|US5769861 *||Sep 12, 1996||Jun 23, 1998||Brainlab Med. Computersysteme Gmbh||Method and devices for localizing an instrument|
|US5772594 *||Oct 16, 1996||Jun 30, 1998||Barrick; Earl F.||Fluoroscopic image guided orthopaedic surgery system with intraoperative registration|
|US6026315 *||Mar 19, 1998||Feb 15, 2000||Siemens Aktiengesellschaft||Method and apparatus for calibrating a navigation system in relation to image data of a magnetic resonance apparatus|
|US6050724 *||Jan 28, 1998||Apr 18, 2000||U. S. Philips Corporation||Method of and device for position detection in X-ray imaging|
|US6120180 *||Oct 16, 1998||Sep 19, 2000||Siemens Aktiengesellschaft||X-ray exposure system for 3D imaging|
|US6139183 *||Oct 16, 1998||Oct 31, 2000||Siemens Aktiengesellschaft||X-ray exposure system for 3D imaging|
|US6149592 *||Nov 26, 1997||Nov 21, 2000||Picker International, Inc.||Integrated fluoroscopic projection image data, volumetric image data, and surgical device position data|
|US6161033 *||Apr 13, 1999||Dec 12, 2000||U.S. Philips Corporation||Image guided surgery system|
|US6216029 *||Jul 16, 1996||Apr 10, 2001||Ultraguide Ltd.||Free-hand aiming of a needle guide|
|Citing Patent||Filing date||Publication date||Applicant||Title|
|US6744251 *||Dec 4, 2002||Jun 1, 2004||Hitachi, Ltd.||Inspection apparatus using nuclear-magnetic-resonance|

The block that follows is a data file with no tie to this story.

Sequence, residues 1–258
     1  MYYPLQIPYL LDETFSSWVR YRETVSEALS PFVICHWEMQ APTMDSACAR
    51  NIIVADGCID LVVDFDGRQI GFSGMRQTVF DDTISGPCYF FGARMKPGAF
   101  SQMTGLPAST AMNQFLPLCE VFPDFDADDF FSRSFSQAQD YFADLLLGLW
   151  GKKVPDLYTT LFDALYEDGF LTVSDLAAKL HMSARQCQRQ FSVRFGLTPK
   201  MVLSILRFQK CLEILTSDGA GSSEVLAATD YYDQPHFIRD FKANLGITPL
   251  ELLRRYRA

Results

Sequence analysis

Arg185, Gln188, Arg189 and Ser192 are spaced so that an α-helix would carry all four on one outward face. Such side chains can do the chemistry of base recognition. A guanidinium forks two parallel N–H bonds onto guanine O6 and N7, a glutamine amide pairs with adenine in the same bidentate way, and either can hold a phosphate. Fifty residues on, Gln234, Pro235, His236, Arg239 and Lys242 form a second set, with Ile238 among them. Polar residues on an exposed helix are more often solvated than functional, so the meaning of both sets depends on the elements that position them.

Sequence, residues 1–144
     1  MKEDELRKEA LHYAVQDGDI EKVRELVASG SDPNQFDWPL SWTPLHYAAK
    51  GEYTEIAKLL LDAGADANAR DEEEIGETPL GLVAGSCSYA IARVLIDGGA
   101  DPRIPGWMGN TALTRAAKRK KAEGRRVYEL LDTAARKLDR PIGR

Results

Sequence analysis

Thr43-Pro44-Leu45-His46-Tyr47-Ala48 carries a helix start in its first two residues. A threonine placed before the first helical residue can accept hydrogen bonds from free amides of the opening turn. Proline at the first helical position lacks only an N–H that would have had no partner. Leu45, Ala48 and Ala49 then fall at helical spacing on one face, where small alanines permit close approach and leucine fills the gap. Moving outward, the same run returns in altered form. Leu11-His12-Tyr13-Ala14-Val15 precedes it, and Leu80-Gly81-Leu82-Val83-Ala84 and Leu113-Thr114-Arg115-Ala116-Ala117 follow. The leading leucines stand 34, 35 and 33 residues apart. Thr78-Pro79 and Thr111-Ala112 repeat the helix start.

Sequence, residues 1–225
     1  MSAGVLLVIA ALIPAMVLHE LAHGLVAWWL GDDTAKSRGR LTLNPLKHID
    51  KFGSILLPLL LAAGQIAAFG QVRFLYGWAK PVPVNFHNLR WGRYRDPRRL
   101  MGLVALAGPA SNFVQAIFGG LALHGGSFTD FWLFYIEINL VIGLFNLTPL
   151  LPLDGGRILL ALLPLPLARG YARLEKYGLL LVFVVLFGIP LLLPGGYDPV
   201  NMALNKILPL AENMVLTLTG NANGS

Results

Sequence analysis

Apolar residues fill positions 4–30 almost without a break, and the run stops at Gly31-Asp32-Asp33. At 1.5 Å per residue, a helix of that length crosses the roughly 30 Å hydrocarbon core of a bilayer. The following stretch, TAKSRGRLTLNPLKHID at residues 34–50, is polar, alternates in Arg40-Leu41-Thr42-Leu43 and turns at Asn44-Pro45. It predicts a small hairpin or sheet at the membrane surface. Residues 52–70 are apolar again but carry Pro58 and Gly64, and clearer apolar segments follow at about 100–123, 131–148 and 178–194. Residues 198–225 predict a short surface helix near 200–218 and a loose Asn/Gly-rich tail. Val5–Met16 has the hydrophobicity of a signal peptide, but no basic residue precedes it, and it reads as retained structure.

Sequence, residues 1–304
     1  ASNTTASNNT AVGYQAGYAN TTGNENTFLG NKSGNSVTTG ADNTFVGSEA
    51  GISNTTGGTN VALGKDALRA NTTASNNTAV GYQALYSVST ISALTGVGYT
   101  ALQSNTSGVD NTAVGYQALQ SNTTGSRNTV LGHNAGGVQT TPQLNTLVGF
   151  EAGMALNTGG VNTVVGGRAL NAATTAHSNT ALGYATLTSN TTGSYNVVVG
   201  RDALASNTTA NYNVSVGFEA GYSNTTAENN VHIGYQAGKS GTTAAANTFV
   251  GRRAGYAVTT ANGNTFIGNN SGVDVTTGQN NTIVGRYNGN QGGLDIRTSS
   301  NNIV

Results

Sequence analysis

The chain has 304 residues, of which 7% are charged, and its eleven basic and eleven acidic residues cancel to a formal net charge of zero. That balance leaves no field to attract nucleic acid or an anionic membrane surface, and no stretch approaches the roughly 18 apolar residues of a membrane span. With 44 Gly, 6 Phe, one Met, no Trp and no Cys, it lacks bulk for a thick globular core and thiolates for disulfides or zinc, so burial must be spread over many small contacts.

|US7098660 *||Aug 30, 2004||Aug 29, 2006||Esaote S.P.A.||Diagnostic imaging apparatus and method for limbs, particularly the hand by means of nuclear magnetic resonance|
|US7319396||Aug 16, 2005||Jan 15, 2008||Abr, Llc||RFID transducer alignment system|
|US7357573||Jul 15, 2004||Apr 15, 2008||General Electric Company||Method and apparatus for positioning an object with respect to the isocenter of an acquisition system|
|US7359746 *||Sep 9, 2003||Apr 15, 2008||Z-Kat, Inc.||Image guided interventional method and apparatus|
|US7469032||Apr 11, 2005||Dec 23, 2008||Gendex Corporation||Structural and patient positioning features of an x-ray system|
|US7498811||Nov 16, 2005||Mar 3, 2009||Macfarlane Duncan L||Apparatus and method for patient movement tracking|
|US7507027||Jan 25, 2008||Mar 24, 2009||General Electric Company||Method and apparatus for positioning an object with respect to the isocenter of an acquisition system|
|US7518518||Dec 18, 2007||Apr 14, 2009||Abr, Llc||RFID transducer alignment system|
|US7587234 *||Nov 2, 2001||Sep 8, 2009||Abbott Cardiovascular Systems Inc.||Method and apparatus for computer modified magnetic resonance imaging|
|US7817040||Sep 18, 2008||Oct 19, 2010||Abr, Llc||RFID transducer alignment system|
|US7911207||May 19, 2008||Mar 22, 2011||Board Of Regents, The University Of Texas System||Method for determining location and movement of a moving object|
|US7925066 *||Sep 11, 2007||Apr 12, 2011||Nexstim Oy||Method and apparatus for correcting an error in the co-registration of coordinate systems used to represent objects displayed during navigated brain stimulation|
|US7977942||May 19, 2008||Jul 12, 2011||Board Of Regents, The University Of Texas System||Apparatus and method for tracking movement of a target|
|US8369930||Jun 16, 2010||Feb 5, 2013||MRI Interventions, Inc.||MRI-guided devices and MRI-guided interventional systems that can track and generate dynamic visualizations of the devices in near real time|